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11 McMansion challenges for firefighters

They are often the size of small commercial buildings without the same sprinkler and fire-stop requirements, which can spell disaster for firefighters

The size of the average American home has more than doubled since the 1950s; it now stands at 2,349 square feet. Whether it’s a 5,000- to 10,000-square-foot mega home — or McMansion — in a wealthy neighborhood, or a bigger, cheaper house in the exurbs, the move toward ever-larger homes has been accelerating for years.

The continued growth in large residential structures has created overwhelming challenges for fire departments that are unprepared, untrained, understaffed, and underestimate the operational demands of a rapid developing fire in one of these residential structures.

This single-family mega home was destroyed on March 19, 2011 in Huntington, Md. and resulted in a mayday situation with nine firefighters injured after fire spread rapidly from a basement level chimney void into the 10,000-square-foot attic space.

Large home fires cannot be treated with the same conventional mind-set as a home built decades ago. Fires involving today’s residential structures demand a strategic and tactical approach that is focused on training, pre-incident planning, and well-defined tactics based on current technology.

Plan and plan some more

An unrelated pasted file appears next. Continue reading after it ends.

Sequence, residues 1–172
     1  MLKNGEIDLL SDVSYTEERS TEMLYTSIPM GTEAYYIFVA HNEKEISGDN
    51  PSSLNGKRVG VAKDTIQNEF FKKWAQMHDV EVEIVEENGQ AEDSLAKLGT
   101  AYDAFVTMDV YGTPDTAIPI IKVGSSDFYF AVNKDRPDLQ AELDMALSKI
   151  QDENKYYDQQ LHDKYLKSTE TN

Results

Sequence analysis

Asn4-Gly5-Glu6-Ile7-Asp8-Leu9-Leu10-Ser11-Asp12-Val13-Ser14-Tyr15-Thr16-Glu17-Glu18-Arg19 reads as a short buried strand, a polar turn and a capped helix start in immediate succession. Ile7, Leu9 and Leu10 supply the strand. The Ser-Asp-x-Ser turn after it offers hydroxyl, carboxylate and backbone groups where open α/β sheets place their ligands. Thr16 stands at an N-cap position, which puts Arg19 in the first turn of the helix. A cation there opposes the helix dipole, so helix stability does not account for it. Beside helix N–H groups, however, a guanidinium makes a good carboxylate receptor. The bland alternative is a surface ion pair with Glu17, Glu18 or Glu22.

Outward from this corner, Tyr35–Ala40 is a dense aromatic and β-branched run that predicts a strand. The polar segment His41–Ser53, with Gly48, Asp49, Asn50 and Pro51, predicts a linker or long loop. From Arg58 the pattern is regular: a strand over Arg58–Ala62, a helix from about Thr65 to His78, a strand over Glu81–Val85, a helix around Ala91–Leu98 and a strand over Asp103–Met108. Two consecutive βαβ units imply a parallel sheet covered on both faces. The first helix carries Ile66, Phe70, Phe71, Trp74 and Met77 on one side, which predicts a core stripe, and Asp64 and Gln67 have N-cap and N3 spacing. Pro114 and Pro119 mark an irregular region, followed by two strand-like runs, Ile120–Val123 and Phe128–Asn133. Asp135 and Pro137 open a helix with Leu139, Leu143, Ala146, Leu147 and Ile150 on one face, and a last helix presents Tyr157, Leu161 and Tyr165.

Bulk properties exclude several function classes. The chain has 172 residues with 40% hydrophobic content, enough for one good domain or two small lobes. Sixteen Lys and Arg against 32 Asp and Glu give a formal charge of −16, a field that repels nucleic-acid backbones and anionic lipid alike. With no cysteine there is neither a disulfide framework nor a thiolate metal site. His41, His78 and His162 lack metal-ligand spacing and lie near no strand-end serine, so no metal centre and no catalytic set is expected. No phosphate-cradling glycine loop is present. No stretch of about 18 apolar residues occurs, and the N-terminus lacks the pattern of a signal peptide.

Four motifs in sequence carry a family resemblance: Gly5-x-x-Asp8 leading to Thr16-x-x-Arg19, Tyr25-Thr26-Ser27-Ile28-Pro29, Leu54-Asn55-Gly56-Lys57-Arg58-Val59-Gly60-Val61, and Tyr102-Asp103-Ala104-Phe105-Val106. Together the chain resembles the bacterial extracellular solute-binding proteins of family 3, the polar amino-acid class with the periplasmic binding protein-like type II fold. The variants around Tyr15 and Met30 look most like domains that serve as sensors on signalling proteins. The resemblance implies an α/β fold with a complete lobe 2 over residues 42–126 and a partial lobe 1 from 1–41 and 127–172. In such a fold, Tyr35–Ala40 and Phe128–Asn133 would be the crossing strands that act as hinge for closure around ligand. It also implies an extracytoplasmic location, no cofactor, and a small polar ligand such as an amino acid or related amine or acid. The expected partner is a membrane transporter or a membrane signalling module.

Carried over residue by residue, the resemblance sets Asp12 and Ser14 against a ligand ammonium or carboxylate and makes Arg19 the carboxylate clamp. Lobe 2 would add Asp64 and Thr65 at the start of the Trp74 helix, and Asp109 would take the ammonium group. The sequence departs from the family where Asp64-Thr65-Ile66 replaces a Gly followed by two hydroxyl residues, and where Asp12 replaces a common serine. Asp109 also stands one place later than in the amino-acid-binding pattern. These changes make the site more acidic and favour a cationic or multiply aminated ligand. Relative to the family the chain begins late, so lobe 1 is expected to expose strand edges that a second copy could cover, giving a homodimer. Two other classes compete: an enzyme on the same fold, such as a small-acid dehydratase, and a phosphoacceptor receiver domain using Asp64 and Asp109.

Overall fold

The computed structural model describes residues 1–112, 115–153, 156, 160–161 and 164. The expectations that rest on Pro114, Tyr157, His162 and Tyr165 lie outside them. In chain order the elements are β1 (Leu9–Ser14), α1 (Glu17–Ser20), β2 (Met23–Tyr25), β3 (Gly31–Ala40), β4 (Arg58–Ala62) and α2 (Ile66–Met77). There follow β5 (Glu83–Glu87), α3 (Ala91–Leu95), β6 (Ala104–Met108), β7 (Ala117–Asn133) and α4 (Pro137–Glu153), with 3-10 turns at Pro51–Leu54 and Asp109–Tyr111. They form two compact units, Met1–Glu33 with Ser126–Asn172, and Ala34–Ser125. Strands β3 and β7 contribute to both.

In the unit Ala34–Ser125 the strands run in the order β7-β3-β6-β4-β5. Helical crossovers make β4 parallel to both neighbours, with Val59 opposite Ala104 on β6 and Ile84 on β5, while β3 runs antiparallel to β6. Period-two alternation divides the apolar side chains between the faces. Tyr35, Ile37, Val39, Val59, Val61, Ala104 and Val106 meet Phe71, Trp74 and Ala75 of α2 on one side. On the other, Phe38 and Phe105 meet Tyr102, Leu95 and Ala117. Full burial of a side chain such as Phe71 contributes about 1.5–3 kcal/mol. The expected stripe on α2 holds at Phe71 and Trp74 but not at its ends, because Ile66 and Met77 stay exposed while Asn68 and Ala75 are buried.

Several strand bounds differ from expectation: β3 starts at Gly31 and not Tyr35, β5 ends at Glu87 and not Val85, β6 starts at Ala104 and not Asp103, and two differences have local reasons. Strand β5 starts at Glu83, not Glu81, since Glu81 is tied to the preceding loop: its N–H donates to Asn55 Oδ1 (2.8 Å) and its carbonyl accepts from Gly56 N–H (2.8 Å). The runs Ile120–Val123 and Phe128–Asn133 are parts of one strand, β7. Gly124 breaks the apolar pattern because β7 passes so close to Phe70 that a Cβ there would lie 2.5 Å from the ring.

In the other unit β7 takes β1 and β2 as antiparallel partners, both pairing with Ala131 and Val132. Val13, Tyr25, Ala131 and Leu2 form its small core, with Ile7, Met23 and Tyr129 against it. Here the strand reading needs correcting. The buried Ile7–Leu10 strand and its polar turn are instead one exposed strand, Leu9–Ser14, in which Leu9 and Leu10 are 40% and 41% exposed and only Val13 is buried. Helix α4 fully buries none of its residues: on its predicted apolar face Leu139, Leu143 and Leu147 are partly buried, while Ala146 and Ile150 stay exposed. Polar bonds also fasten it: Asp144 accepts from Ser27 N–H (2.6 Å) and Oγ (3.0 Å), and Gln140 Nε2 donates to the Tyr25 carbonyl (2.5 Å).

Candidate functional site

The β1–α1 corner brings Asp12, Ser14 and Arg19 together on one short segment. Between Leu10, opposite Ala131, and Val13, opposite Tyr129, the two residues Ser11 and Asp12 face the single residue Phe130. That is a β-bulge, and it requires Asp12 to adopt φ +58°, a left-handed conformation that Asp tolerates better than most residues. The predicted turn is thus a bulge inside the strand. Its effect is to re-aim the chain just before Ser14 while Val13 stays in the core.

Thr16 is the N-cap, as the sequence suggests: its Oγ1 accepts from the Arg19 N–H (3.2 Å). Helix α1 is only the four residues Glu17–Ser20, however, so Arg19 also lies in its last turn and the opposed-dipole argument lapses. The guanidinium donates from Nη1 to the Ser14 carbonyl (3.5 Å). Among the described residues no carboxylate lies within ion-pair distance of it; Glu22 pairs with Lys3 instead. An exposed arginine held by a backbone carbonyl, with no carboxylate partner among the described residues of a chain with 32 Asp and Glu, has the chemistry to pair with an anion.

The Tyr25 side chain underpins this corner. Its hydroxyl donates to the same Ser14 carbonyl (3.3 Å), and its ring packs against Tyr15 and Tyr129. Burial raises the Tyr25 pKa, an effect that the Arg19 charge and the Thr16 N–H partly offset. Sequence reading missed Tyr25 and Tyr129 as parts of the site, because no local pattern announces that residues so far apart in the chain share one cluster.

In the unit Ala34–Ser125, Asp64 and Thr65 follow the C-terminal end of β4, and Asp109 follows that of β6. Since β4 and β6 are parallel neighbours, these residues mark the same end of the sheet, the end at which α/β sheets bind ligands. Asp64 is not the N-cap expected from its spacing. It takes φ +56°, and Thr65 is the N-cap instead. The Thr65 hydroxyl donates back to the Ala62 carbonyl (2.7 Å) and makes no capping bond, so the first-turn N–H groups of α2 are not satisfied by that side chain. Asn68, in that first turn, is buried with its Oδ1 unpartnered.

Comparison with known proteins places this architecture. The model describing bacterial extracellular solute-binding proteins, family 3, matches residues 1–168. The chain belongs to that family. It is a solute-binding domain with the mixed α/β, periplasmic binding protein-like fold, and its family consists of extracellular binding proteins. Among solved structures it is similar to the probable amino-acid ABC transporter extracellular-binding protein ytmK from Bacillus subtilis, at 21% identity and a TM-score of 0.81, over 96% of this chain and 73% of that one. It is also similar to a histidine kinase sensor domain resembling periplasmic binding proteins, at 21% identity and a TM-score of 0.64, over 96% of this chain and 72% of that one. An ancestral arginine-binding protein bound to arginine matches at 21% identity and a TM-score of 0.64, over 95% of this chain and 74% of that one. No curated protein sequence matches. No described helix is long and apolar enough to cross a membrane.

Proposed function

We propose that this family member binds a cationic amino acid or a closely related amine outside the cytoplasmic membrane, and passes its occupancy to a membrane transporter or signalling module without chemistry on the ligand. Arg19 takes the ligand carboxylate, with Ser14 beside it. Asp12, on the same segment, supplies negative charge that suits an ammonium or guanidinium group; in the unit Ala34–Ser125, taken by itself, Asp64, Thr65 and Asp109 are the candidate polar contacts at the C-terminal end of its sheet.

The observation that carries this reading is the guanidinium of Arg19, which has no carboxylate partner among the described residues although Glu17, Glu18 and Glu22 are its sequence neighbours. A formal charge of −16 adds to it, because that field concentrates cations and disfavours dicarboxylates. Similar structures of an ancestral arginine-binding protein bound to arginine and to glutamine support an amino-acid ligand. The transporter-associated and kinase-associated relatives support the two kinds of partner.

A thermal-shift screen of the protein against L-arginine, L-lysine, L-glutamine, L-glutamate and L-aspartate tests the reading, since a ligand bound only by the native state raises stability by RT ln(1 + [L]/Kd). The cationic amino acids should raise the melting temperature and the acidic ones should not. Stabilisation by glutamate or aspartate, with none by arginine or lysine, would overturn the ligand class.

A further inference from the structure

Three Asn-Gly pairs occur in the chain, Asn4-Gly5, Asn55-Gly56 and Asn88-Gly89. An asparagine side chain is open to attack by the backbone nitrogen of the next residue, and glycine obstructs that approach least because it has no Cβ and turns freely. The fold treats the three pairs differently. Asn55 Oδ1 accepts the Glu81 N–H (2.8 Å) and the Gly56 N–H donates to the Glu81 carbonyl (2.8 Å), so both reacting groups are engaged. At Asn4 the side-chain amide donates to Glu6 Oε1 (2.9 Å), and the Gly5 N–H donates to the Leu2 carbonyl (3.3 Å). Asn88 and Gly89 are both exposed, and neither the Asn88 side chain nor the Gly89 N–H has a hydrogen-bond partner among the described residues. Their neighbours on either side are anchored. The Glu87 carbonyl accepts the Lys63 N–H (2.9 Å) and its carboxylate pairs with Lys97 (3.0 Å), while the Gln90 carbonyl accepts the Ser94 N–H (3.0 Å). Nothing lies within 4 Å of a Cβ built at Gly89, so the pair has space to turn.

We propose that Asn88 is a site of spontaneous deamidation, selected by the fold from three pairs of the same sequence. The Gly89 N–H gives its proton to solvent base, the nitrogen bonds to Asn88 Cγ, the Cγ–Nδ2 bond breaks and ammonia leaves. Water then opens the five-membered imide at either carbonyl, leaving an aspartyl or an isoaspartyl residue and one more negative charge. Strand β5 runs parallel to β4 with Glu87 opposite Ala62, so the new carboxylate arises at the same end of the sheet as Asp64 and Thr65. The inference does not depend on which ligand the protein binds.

Pre-incident planning is essential. This is especially true when it comes to access, water supply, and hose lay distances. Large residential structures are not bound by the same code requirements for sprinklers and draft stopping of void spaces as similar sized commercial structures.

Essentially, a fire involving a large wood frame home should be treated like a commercial building fire.

In addition to the lightweight construction concerns, and rapid fire spread potential, here are 11 unique challenges of large home fires.

  • Large open floor plan design.
  • Very large void spaces created.
  • Concealed rooms built within attic voids.
  • Fire scene staffing.
  • Lack of adequate road surface.
  • Water supply issues.
  • Large sections of unsupported brick veneer.
  • Extended hose lay distances.
  • Limited access.
  • Large and complex search areas.
  • Long driveways and gates.

How prepared is your department to adequately and safely respond to this unique and growing challenge?

Gary Bowker is a retired fire chief with the U.S. Air Force and retired fire marshal with the City of Winfield, Kansas, now serving as an associate instructor with the Kansas Fire & Rescue Training Institute. He previously served as fire chief with the Sumner County (Kansas) Rural Fire District #10 and has over 40 years in fire service. He has taught at the National Fire Academy, U.S. Department of Defense, and the Butler County Community College. He is nationally certified as a Fire Officer II, Instructor II, Inspector II, Certified Fire & Explosion Investigator. Bowker holds a bachelor’s degree in fire science administration. Connect with Chief Bowker on LinkedIn or via email.